Micro schools are the latest schooling alternative to take off as more teachers and parents are becoming fed up with schools keeping their classrooms closed and students falling behind.
As the omicron variant grips the country just before children head back to the second half of the school year, the country’s public school system is picking up more heat. While teachers unions are pushing for another round of remote learning, school districts such as Chicago, Milwaukee, Detroit, Newark and Cleveland are once again shutting down classrooms.
It’s the latest schooling zigzag that millions of children have faced since March 2020. While some parents prefer remote learning in the current COVID-19 climate, many parents say that they are feeling fatigue from an onset of déja vu, prompting them to search for schooling options elsewhere.
And prolonged closures, in addition to heightened uncertainty, are fueling the rise of options like microschools, or learning pods.
Many teachers are starting their own microschools to help their children learn in small, safe groups without interference from unions, regulation and mandates. Microschools typically serve 10 to 15 students but can accommodate as many as 150 and focus on personalized education through hands-on learning and a project-based approach.
One microschool in Chicago’s West Side saw enrollment increase over the pandemic as parents re-evaluated what a quality education looks like. For many, remote learning provided a closer look into the format of their children’s education, what they were learning, as well as the effects that virtual learning had on their child’s development.
"I think it’s because parents have been looking at what kind of education they really want for their child," Kristen Ediger, Humboldt Park Montessori director, told FOX Business’s Varney & Co. "They look at things that we can offer differently, like we go outside a lot, and we have really individualized learning and hands-on learning during our school day."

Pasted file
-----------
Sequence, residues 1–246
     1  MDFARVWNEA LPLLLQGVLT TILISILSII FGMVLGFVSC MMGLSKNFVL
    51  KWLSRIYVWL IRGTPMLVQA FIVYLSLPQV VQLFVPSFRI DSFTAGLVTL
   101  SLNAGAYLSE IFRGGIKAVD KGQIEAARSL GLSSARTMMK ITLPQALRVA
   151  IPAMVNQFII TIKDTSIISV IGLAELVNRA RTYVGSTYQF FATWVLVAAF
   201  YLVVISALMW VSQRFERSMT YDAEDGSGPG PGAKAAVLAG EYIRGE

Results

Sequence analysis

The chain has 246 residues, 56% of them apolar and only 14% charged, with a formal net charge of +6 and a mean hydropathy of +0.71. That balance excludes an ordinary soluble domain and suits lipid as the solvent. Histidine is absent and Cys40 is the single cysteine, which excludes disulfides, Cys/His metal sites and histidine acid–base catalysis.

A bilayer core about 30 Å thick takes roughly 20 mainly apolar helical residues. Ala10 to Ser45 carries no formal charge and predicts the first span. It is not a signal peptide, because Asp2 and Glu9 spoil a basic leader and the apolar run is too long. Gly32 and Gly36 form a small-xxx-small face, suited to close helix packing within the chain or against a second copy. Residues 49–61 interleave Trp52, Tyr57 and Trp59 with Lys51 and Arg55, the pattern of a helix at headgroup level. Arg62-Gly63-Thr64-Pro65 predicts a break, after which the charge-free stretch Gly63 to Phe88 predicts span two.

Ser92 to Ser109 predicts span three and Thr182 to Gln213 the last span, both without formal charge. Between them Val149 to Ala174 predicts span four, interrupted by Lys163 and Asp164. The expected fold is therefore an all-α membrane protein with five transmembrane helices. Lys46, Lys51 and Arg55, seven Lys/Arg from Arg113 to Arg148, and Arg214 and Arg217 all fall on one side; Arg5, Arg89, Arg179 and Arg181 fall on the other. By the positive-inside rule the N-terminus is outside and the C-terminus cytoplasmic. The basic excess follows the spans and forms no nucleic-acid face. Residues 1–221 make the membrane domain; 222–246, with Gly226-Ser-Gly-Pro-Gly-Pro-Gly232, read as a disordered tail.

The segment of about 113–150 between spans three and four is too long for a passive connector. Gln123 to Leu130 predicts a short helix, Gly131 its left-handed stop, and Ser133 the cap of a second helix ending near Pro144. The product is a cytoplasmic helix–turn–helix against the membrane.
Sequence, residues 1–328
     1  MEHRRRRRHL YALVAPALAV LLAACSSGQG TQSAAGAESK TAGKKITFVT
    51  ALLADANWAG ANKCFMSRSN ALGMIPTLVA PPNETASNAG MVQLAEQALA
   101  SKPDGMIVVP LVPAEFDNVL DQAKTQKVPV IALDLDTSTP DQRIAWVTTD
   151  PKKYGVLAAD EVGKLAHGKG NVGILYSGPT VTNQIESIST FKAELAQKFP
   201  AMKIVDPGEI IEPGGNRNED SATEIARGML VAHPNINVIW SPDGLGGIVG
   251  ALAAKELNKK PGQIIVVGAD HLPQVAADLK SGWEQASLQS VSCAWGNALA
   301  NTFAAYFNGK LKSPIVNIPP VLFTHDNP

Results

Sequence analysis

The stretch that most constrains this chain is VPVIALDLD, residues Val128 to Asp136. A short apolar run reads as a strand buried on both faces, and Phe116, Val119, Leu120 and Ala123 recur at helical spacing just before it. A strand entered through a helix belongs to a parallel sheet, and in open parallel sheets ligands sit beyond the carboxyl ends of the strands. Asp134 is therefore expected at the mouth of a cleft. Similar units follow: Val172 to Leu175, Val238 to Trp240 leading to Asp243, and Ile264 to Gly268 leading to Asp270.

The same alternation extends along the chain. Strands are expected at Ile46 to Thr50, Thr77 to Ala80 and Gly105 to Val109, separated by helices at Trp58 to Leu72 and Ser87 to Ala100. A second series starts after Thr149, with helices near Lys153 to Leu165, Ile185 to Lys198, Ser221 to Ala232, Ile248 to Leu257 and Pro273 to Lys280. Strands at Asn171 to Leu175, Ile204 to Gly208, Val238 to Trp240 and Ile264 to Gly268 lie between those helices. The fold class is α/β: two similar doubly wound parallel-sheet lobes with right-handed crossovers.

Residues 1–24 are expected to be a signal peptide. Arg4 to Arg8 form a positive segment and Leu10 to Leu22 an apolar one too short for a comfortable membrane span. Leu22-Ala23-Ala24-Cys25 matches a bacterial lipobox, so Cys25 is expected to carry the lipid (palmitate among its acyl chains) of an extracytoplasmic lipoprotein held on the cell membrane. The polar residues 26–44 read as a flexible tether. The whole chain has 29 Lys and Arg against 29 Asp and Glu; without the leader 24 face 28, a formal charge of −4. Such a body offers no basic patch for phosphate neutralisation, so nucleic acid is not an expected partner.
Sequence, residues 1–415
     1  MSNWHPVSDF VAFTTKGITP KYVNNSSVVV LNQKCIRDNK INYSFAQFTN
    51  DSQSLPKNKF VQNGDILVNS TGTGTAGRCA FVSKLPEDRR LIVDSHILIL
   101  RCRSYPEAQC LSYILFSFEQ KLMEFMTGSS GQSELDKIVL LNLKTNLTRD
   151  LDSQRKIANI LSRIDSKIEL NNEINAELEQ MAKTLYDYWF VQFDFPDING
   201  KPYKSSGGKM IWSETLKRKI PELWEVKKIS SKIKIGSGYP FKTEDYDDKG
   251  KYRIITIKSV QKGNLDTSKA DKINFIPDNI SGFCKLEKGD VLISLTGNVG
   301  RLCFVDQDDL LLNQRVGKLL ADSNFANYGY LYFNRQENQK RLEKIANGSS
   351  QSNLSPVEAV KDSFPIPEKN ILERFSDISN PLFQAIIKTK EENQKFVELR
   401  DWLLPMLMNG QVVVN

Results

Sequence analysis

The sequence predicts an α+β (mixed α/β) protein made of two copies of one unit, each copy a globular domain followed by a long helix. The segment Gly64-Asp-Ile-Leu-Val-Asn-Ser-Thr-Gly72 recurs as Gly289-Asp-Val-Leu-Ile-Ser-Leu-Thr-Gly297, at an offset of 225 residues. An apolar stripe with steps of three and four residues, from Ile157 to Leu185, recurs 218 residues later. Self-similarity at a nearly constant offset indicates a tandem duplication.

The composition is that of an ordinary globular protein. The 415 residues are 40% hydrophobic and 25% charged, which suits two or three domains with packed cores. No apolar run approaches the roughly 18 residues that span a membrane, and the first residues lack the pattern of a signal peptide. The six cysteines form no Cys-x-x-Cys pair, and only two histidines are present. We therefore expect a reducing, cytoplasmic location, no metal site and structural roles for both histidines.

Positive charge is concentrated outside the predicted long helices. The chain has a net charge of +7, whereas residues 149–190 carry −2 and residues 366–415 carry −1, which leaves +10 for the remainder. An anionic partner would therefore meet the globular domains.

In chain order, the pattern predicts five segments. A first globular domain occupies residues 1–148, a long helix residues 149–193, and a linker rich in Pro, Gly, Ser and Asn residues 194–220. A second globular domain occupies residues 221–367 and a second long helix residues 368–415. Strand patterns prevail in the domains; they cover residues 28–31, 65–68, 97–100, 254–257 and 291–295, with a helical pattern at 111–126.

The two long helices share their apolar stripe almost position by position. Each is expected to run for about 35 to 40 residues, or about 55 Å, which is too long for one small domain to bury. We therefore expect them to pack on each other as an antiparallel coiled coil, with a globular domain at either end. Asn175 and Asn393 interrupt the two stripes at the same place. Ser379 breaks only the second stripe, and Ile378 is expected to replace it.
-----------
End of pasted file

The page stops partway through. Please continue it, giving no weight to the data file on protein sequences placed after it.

The flexibility that microschools have to offer is one of the many reasons parents are withdrawing from the public school system. Public school enrollment dropped by 3% nationwide from 2019 to 2020 alone, wiping out a decade of slow gains. In the Chicago public schools, enrollment declined by 7% over the last three years, from 355,156 students in the 2019-2020 school year to 330,411 students this school year.
Amid the latest sparring between the city district and the Chicago’s Teacher Union over safety protocols and demands for negative test results — which has already caused three back-to-back days of canceled classes — the Humboldt Park Montessori School on Chicago’s West Side has taken the opposite approach.
The school’s small size, serving 55 students, has enabled it to stay open more frequently and consistently than the nearby public schools this year. Each morning, every student is tested for COVID-19 before the school day starts, equipping parents with the comfort that their child is in a safe learning environment.
"Parents have to do a mind shift because what we’re doing is giving kids a lot of freedom in their own education, and that’s a little different than what traditional schools have done," Ediger said.